I also now know what Beer recommends for both protocol and testing during a pregnancy.  The heparin should last until 34 weeks.  Testing for progesterone among other tests should continue weekly until 12 weeks.  Ultrasounds should occur every 2 weeks after week 6 for the entire pregnancy to see how the placenta and the baby are developing.  I know this is a lot of monitoring.  But if something is going wrong, we need to know soon enough to adjust my meds so I don't lose the baby.

In any case, things don't seem so carefree any more.  I am happy that I am at a place that I trust and who will listen to me.  But I worry about being more of a freak than I originally thought.

Tune in tomorrow when we find out the donor's next follicle count and when she will trigger.  It's getting kind of crazy!!

Friday, October 17, 2008

Still a Go

Our donor went in for her follow up today.  She has 20+ follicles from 8-13mm today with a 500+ Estradiol.    Apparently, that is good. 

Even better, we are fully on.  The FDA tests came back normal.  We are, at this point, planning on going to CA for our retrieval and transfer.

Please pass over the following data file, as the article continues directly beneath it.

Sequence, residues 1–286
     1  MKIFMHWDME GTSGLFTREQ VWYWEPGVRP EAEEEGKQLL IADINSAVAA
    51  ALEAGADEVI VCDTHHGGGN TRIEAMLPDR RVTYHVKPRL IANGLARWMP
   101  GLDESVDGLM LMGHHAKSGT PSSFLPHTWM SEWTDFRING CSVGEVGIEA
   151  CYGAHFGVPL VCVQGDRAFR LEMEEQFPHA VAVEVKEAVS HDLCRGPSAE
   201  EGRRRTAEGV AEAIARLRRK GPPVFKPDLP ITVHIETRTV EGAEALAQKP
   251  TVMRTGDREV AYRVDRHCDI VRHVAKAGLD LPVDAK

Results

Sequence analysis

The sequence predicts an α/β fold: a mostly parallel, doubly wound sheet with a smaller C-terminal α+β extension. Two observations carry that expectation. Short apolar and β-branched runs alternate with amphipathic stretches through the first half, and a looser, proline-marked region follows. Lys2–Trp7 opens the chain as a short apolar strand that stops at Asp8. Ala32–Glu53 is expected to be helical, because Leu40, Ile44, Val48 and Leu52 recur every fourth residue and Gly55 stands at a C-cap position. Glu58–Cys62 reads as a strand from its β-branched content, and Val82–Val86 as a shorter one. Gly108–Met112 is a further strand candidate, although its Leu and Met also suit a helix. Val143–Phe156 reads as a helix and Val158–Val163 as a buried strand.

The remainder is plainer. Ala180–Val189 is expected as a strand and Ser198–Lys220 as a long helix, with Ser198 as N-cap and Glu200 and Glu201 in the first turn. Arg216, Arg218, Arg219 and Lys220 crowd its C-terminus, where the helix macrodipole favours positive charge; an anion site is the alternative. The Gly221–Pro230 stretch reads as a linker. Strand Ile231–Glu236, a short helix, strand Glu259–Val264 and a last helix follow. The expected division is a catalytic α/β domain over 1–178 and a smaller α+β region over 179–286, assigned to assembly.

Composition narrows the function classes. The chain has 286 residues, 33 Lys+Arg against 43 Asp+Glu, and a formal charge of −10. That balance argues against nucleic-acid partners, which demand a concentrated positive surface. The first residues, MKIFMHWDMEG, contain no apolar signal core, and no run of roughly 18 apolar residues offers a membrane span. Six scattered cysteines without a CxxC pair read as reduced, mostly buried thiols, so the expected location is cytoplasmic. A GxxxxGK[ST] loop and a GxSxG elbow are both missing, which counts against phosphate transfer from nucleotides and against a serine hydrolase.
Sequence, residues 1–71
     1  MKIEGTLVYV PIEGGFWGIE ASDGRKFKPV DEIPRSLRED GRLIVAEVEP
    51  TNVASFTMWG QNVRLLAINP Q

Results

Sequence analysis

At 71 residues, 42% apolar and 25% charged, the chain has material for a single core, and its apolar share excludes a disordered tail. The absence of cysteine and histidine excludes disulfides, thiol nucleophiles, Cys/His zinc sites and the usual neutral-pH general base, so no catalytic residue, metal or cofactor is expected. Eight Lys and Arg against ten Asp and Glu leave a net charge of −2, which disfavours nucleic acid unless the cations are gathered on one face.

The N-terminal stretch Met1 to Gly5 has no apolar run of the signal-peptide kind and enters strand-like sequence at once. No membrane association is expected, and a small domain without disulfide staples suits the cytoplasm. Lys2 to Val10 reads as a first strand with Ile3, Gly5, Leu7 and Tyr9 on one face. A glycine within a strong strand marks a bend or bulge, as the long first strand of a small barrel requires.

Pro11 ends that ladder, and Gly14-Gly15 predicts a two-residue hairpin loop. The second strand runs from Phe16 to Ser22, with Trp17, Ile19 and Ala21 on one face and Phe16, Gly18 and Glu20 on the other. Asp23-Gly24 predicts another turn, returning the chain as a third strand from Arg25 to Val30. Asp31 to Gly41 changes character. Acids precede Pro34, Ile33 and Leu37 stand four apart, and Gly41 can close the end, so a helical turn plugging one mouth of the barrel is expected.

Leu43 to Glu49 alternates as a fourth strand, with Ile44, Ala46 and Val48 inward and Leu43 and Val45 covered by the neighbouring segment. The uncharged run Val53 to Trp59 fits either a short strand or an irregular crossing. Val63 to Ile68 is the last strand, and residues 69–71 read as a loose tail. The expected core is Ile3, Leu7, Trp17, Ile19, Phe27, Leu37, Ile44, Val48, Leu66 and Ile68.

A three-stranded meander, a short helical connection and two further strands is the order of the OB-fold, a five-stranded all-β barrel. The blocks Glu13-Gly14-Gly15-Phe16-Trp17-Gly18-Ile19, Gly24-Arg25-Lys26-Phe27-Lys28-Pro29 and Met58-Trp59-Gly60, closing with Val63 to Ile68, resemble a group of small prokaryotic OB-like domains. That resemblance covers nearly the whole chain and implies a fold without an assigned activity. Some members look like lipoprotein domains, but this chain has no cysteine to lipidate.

It's on!  

Tuesday, October 14, 2008

Testing Continues

I went back in today for my second ultrasound and bloodwork.  My lining is 7 and I do have a triple stripe.  (yay!)

The clinic in San Diego has decided to monitor my blood work more closely this go round, so they are running several different tests including a CBC and other clotting measures (I think).  I'm on the auto-immunie pregnancy protocol despite the fact that I do not have the MTHFR (which I pronouce to myself in quite profane terms) mutation.  Nonetheless, 8 miscarriage and only one for sure we know is genetically caused could be an indication of auto-immune problems.

I've requested their input on what we should do in regards to staying on heparin and prednisone.   love this clinic because they've decided to monitor me every two weeks while I'm on the auto-immune meds.  I *think* that if they see changes after I get pg, they'll keep me on the meds and if they don't, they'll take me off at 12 weeks.  

I'm just speculating here, but since I've never been monitored before while on heparin and I've asked them about using heparin for a limited time or a full time, it makes sense to me. 

Plus as DE Daddy says, more monitoring can't be bad.  

Friday, October 10, 2008

Thirty Freakin' Five